|Lord High Treasurer|
10 February 1547 –10 October 1549
|Preceded by||Thomas Howard, 3rd Duke of Norfolk|
|Succeeded by||William Paulet, 1st Marquess of Winchester|
|Lord Protector of the Realm|
4 February 1547 –11 October 1549
|Lord Great Chamberlain|
|Monarch|| Henry VIII |
|Preceded by||Robert Radcliffe, 1st Earl of Sussex|
|Succeeded by||John Dudley, 1st Earl of Warwick|
|Died||22 January 1552|
Tower Hill, London
|Cause of death||Decapitation|
|Resting place|| Chapel Royal of St. Peter ad Vincula, Tower of London, London, United Kingdom |
|Spouse(s)|| Catherine Fillol |
|Parents|| Sir John Seymour |
|Residence|| Somerset House, London|
Syon House, Isleworth, Middlesex
Woodmancote Place, West Sussex
|Allegiance||Kingdom of England|
|Battles/wars||French Wars, 1522–1524|
The Rough Wooing
Siege of Boulogne, 1544
Battle of Pinkie
Edward Seymour, 1st Duke of Somerset –22 January 1552) (also 1st Earl of Hertford, 1st Viscount Beauchamp), also known as Edward Semel, was the eldest surviving brother of Queen Jane Seymour (d. 1537), the third wife of King Henry VIII. He was Lord Protector of England from 1547 to 1549 during the minority of his nephew King Edward VI (1547–1553). Despite his popularity with the common people, his policies often angered the gentry and he was overthrown.PC (1500
Edward Seymour was born c. 1500, the son of Sir John Seymour (1474–1536), feudal baron of Hatch Beauchamp in Somerset, by his wife Margery Wentworth, eldest daughter of Sir Henry Wentworth of Nettlestead, Suffolk, and descended from Edward III. In 1514, aged about 14, he received an appointment in the household of Mary Tudor, Queen of France, and was enfant d’honneur at her marriage with Louis XII.
Seymour served in the Duke of Suffolk's campaign in France in 1523, being knighted by the duke on 1 November, and accompanied Cardinal Wolsey on his embassy to France in 1527. Appointed Esquire of the Body to Henry VIII in 1529, he grew in favour with the king, who visited his manor at Elvetham in Hampshire in October 1535.
When Seymour's sister, Jane, married King Henry VIII in 1536, Edward was created Viscount Beauchamp on 5 June 1536, and Earl of Hertford on 15 October 1537. He became Warden of the Scottish Marches and continued in royal favour after his sister's death on 24 October 1537.
In 1541, during Henry's absence in the north, Hertford, Thomas Cranmer and Thomas Audley had the chief management of affairs in London. In September 1542 he was appointed Warden of the Scottish Marches, and a few months later Lord High Admiral, a post which he almost immediately relinquished in favour of John Dudley, the future duke of Northumberland. In March 1544 he was made lieutenant-general of the north and instructed to punish the Scots for their repudiation of the treaty of marriage between Prince Edward and the infant Mary, Queen of Scots. He landed at Leith on 3 May 1544, captured and pillaged Edinburgh, and returned by land burning villages and castles along the way.
In July 1544 he was appointed lieutenant of the realm under Catherine Parr, Henry's sixth wife and regent, during Henry's absence at Boulogne, but in August he joined the king and was present at the surrender of the town. In the autumn he was one of the commissioners sent to Flanders to keep Emperor Charles V to the terms of his treaty with England, and in January 1545 he was placed in command at Boulogne, where on the 26th he repelled an attempt of Marshal de Biez to recapture the town. In May he was once more appointed lieutenant-general in the north to avenge the Scottish victory at the Battle of Ancrum Moor; this he did by a savage foray into Scotland in September. In March 1546 he was sent back to Boulogne to supersede the Earl of Surrey, whose command had not been a success; and in June he was engaged in negotiations for peace with France and for the delimitation of the English conquests.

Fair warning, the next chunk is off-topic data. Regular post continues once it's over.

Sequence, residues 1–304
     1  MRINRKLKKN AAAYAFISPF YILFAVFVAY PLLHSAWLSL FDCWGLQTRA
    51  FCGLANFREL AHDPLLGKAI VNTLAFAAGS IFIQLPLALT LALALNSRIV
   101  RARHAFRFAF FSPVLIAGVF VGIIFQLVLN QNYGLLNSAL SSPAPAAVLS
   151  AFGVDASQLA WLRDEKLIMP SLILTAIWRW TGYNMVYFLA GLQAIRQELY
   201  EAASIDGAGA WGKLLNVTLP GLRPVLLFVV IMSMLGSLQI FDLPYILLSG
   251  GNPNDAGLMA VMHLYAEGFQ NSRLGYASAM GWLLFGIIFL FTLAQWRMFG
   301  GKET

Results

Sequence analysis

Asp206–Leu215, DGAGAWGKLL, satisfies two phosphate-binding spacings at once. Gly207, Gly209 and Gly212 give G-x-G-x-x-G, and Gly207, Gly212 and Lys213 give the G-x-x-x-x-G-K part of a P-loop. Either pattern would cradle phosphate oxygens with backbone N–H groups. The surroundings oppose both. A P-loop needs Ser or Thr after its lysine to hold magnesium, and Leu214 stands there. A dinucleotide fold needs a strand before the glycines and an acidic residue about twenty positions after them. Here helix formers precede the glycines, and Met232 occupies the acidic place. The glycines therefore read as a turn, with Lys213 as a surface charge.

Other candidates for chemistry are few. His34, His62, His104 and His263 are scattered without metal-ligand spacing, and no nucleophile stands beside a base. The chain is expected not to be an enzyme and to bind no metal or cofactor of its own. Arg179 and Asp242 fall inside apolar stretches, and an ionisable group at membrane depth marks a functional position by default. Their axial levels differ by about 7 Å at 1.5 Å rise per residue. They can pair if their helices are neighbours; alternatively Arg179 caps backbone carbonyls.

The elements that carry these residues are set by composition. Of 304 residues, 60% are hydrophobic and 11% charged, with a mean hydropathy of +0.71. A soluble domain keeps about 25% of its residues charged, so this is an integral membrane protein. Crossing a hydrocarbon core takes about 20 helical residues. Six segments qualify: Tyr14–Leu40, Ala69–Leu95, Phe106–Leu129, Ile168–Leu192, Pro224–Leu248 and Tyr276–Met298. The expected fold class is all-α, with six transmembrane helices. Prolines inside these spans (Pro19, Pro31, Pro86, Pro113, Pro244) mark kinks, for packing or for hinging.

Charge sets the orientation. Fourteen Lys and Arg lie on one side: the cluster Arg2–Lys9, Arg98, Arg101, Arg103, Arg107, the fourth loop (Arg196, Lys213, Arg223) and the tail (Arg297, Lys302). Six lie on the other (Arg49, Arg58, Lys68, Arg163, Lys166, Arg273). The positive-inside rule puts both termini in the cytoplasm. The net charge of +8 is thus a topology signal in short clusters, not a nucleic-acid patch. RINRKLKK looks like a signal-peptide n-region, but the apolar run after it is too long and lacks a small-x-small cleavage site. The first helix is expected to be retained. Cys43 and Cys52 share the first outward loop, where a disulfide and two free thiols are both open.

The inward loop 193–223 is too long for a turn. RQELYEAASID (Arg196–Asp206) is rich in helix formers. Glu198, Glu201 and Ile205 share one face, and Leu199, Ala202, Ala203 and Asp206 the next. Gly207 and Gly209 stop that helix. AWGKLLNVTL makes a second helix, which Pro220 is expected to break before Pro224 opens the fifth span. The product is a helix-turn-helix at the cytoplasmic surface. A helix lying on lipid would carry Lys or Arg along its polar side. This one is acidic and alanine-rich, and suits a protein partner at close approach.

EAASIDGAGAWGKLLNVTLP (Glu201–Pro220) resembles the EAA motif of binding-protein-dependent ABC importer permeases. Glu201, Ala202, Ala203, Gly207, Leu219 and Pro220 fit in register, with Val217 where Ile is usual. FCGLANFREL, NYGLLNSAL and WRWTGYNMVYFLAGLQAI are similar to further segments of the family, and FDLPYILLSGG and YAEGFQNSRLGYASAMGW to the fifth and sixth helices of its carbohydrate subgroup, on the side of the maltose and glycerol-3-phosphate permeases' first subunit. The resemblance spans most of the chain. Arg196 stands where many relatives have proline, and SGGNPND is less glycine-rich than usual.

From October to the end of Henry's reign he was in attendance on the king, engaged in the struggle for predominance which was to determine the complexion of the government during the coming minority. Personal, political and religious rivalry separated him and Baron Lisle from the Howards, and Surrey's hasty temper precipitated his own ruin and that of and his father, the duke of Norfolk. They could not acquiesce in the Imperial ambassador's verdict that Hertford and Lisle were the only noblemen of fit age and capacity to carry on the government; and Surrey's attempt to secure the predominance of his family led to his own execution and to his father's imprisonment in the Tower of London.
Upon the death of Henry VIII (28 January 1547), Seymour's nephew became king as Edward VI. Henry VIII's will named sixteen executors, who were to act as Edward's Council until he reached the age of 18. These executors were supplemented by twelve men "of counsail" who would assist the executors when called on.The final state of Henry VIII's will has occasioned controversy. Some historians suggest that those close to the king manipulated either him or the will itself to ensure a shareout of power to their benefit, both material and religious. In this reading, the composition of the Privy Chamber shifted towards the end of 1546 in favour of the Protestant faction. In addition, two leading conservative Privy Councillors were removed from the centre of power. Stephen Gardiner was refused access to Henry during his last months. Thomas Howard, 3rd Duke of Norfolk, found himself accused of treason; on 24–25 December, he offered his vast estates to the Crown making them available for redistribution, and he spent the whole of Edward's reign in the Tower of London.